Sociology of Knowledge

Hunter College, Spring 2017

Welcome to the Sociology of Knowledge Site


Here’s what this course is about:

Was Donald Trump’s inauguration the biggest in history? Is Climate Change a hoax? Are we post-racial? Politically, we must say the answers to these questions is no—and yet a course like sociology of knowledge will intellectually challenge these politics. This will be the central tension we struggle with this semester—soon you will be able to understand why some have blamed post-structuralist, like Foucault, for climate change denial, and you will be able to counteract those arguments without reinforcing problematic assumptions. If we are to understand that facts are socially produced, that knowledge is not as sturdy as we once thought, that science is fallible, how do we do this without having to accept that racism isn’t a thing, that Trump’s inauguration was the biggest in history, and that climate change is not happening? These problems are what we will tackle with this semester.  The official description of this course is the “systematic analysis of the social basis of knowledge” and we are unfortunately in an era where we must all develop the critical skills to do so, and quick. We must understand that reality is socially constructed, and yet have the critical skills to not be gaslit. This is a complex paradox, and you should expect to struggle with this during the semester and beyond. The struggle is the process, and this is how you will learn. We will build our critical thinking skills through discussion, reading, digital media, outside events, and writing. And it should also be noted that sociology is a political project, as all knowledge constructing disciplines are, and so this class will engage deeply with current and past politics. You are expected to have political opinions of your own, and recognize that I do too.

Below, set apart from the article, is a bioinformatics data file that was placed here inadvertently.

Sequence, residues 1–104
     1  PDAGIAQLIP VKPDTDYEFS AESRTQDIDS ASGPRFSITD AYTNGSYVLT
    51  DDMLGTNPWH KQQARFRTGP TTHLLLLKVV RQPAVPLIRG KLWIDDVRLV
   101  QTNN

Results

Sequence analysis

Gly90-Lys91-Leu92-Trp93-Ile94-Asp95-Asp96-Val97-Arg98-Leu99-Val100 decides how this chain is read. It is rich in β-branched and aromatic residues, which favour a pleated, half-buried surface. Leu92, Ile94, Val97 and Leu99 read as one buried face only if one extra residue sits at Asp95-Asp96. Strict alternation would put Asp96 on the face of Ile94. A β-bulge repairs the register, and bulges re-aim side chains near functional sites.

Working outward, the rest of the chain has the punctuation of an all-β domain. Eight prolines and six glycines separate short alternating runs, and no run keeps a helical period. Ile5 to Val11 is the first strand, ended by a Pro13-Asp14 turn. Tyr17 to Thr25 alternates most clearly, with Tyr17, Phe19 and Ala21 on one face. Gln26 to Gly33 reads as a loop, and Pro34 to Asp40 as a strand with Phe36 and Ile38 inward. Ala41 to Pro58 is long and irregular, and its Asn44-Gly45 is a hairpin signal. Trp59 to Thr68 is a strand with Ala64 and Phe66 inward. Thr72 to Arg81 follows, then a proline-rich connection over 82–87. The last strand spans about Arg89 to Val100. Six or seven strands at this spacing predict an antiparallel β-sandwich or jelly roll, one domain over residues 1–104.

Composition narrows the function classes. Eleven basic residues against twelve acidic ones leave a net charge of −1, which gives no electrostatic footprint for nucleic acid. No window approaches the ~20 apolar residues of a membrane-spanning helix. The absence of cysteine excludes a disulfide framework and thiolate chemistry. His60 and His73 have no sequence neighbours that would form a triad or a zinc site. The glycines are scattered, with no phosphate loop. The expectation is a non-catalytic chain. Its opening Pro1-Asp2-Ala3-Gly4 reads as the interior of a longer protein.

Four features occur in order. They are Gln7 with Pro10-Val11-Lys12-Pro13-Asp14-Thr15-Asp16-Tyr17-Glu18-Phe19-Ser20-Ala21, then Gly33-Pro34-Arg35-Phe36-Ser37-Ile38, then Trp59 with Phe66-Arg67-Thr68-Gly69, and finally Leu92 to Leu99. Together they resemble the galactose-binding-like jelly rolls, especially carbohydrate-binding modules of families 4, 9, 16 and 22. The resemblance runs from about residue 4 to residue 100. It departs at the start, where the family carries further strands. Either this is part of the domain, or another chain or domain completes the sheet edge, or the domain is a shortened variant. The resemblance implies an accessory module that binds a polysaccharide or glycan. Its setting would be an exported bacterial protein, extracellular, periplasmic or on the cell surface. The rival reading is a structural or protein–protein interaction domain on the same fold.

Featured post

Final Projects

Thank you all for a great semester and putting so much work into the class and your final projects!

Three projects don’t have a digital component but here are the ones that do!

Vaccines and Sociology of Knowledge

Informed Resistance

Social Construction of Race

Protests and Legitimacy

Knowledge of Reproduction

Food for Thought




Food for Praxis Party